What do you think is the best and worst thing about naturism?
The legal restrictions on naturist activities make for inherently organised and in a lot of cases private activities. These private organisations haul along a number of rules and restrictions of their own, that -in my view- are counter-productive to the experience of naturism and nudism. The basic principle is contact with nature and all living creatures through shedding the burden of clothing (and thus culture, religion, …). To some extreme extent, one could put that it is the shedding of one’s very identity that brings a person closer to nature and to a more primal or viceral state of being. I have experienced that in organising activities for people who enjoy communal nudity (and call themselves naturists), a set of rules and other cultural boundaries is set upon them, which simply turns them into “naked people at a barbecue”, and not “naturists’. In this, I find myself a cynic for the so-called philosophy behind the lifestyle.
On the other hand, in an environment where naturism is possible, a person can come closer to nature and thus to one’s self, or it can be a stepping stone for people who haven’t tried swimming or hiking naked before. In any case, I have found places where communal nudity is the rule, there’s generally less criticism towards other humans, there’s less noise and less garbage. People tend to keep more to themselves and adhere somewhat to the core of the philosophy behind “naturism”. That is, in any case, a good thing.
Do you find it easy to make naturist friends?
I find it very hard to make naturist friends, then again I find it very hard to make friends in any situation. I’m at an age where I no longer see the need to make friends. I tend to avoid social events and it doesn’t matter if I’m wearing clothes or not. I don’t do small talk, I don’t exchange phone numbers and neither does my partner. We tend to keep to ourselves and if not for the legal restrictions on nudity and camping, we would simply put our tent in the wilderness by a creek and be naked. People of our own age tend to either stay in the background like we do, or are obtrusive being loud and/or drunk (and we stay away from them). Does one have to make friends in order to be a naturist ? I don’t think so. One can respect other humans either way.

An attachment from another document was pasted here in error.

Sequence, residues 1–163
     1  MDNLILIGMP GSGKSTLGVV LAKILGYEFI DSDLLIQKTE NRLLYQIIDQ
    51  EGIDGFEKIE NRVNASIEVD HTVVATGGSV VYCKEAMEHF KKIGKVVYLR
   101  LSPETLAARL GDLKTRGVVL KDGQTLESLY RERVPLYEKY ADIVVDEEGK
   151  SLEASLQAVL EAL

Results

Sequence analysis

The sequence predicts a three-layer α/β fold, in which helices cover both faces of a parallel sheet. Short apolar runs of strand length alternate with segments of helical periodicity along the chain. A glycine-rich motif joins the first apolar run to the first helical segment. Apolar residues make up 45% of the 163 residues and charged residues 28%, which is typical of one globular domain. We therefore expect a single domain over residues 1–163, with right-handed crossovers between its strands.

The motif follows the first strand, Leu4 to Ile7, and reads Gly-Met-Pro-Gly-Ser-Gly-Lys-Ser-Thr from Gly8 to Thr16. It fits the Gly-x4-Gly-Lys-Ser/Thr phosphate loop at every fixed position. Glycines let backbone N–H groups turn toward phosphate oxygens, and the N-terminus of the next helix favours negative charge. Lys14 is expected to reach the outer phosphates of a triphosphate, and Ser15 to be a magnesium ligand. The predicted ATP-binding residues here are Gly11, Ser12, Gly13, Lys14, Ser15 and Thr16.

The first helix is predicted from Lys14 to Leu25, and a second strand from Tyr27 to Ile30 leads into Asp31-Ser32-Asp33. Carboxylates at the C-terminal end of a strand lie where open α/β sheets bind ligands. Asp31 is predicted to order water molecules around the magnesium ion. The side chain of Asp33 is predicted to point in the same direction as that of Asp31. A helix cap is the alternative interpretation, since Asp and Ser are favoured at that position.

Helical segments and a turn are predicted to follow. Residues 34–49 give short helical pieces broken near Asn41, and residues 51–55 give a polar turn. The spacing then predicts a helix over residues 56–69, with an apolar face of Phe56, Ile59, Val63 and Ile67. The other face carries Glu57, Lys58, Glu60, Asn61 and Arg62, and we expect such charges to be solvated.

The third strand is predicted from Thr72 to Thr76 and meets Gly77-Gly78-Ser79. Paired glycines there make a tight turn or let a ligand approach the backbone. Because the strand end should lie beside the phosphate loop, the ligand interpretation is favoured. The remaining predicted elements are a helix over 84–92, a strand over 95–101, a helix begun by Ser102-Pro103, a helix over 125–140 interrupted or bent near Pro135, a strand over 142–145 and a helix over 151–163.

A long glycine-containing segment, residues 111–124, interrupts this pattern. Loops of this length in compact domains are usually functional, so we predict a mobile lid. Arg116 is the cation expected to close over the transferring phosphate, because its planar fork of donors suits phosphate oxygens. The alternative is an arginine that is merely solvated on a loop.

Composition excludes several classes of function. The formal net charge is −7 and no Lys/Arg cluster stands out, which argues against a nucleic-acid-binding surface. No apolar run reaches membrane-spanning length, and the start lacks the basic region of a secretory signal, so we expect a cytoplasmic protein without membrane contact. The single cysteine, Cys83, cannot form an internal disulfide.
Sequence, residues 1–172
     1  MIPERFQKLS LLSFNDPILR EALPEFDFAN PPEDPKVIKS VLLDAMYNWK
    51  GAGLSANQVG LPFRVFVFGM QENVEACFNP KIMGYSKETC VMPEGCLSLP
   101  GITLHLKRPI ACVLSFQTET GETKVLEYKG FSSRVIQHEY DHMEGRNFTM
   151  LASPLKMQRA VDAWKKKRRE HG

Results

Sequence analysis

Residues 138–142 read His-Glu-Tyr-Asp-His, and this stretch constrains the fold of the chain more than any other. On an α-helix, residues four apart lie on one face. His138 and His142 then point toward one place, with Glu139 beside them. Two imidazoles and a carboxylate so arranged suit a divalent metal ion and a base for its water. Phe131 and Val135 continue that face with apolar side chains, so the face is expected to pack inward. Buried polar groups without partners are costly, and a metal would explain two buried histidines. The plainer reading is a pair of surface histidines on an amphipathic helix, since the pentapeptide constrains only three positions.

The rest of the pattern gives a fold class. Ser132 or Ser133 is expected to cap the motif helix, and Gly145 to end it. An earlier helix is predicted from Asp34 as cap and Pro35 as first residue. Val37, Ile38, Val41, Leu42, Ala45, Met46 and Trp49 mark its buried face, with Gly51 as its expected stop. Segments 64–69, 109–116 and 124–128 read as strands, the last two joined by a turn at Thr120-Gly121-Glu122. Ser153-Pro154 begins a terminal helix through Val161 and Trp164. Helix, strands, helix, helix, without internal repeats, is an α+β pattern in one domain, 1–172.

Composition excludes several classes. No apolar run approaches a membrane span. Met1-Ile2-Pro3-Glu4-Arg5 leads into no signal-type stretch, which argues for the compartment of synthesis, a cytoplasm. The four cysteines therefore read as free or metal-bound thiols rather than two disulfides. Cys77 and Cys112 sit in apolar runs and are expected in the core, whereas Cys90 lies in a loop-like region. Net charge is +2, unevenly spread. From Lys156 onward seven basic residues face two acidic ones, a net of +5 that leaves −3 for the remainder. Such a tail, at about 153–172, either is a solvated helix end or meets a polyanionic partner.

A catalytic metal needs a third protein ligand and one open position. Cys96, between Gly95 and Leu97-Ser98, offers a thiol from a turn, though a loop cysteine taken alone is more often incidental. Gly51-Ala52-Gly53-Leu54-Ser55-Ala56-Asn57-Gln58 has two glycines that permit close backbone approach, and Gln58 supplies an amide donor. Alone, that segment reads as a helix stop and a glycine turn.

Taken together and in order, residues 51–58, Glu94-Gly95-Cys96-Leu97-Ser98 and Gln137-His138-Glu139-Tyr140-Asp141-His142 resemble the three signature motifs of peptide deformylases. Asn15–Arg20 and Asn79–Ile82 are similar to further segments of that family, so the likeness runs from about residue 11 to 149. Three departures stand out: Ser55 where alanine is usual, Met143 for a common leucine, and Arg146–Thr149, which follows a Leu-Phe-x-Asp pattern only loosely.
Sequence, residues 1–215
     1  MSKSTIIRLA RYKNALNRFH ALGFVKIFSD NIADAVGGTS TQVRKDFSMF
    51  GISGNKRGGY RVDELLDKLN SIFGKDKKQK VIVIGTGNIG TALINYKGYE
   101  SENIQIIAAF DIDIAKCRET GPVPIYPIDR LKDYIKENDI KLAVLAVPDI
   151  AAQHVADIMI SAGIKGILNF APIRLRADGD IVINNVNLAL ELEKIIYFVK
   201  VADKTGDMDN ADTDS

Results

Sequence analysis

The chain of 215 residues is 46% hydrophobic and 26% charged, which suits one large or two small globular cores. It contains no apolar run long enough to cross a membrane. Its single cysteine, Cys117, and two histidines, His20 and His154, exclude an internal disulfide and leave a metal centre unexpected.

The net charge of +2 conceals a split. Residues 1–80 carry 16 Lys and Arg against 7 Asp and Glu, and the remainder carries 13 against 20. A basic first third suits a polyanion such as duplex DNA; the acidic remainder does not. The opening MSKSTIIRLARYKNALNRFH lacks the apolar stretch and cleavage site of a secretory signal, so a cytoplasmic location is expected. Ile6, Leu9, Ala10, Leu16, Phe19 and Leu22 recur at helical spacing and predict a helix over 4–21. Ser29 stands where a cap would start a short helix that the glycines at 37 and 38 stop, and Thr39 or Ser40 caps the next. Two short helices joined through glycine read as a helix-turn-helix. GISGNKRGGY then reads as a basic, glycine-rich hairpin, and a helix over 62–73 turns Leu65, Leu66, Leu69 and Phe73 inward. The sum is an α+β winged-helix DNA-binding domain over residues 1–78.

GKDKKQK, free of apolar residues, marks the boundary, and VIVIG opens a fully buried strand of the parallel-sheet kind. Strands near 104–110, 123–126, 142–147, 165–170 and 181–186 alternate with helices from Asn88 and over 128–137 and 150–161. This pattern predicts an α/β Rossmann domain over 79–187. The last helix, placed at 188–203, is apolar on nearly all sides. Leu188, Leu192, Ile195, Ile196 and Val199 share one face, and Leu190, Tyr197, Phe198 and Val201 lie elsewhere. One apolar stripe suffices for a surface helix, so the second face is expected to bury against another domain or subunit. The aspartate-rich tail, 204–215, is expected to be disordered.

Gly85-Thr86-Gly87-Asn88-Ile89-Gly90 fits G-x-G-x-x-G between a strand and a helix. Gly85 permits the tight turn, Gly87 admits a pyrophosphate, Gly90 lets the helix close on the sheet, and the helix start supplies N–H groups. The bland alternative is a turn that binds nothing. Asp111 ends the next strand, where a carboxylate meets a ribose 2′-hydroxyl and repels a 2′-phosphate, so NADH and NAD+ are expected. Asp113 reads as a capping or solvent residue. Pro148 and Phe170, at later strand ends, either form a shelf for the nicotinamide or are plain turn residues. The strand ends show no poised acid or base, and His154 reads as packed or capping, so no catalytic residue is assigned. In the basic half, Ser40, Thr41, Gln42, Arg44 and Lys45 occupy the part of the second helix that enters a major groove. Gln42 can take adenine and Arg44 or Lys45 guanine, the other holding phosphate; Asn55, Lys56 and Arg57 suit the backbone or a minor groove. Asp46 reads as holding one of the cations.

What’s the best tip you have for beginning naturists?
Find a friend or a partner to do naked “stuff”. It’s much easier to go skinny dipping, or to go to a sauna with a friend or even better, your partner. If naturism is a lifestyle, then the two of you have to enjoy it, otherwise it’s just a “weird hobby.”
Anything else you’d like to share with our audience?
Last summer we were hiking and we stumbled upon a very beautiful body of water, in which it would be very nice to go for a quick swim. We never bring swimsuits (heck I don’t even own a swimsuit) and more often than not, we are all alone and it doesn’t matter anyway. But this time there was a family of locals relaxing by the water and going for a naked swim was impossible, as we were in plain view. Then I decided to go over to the locals and just ask them if they cared at all if we went for a swim. They didn’t and when I announced that we had no swimsuits with us, they just shrugged and said: “Just do as you like”. So we stripped and went for a dip. We later said goodbye to the locals and decided that we were idiots. Idiots for not having asked this simple question before: “Do you mind if we go for a swim, we just don’t have swimsuits.” Because there is a very thin line between respect and indifference.
Thank you so much for your participation Bart!
Do you also want to tell your story and experiences in naturism? Please get in touch via the CONTACT page! As long as we have people who like to contribute, we can keep The Naturist Talks running!
Picture credit: The photos in this post are coming from Google and Twitter. If you find one of yourself and you don’t want it to be on our blog, let us know and we’ll remove it.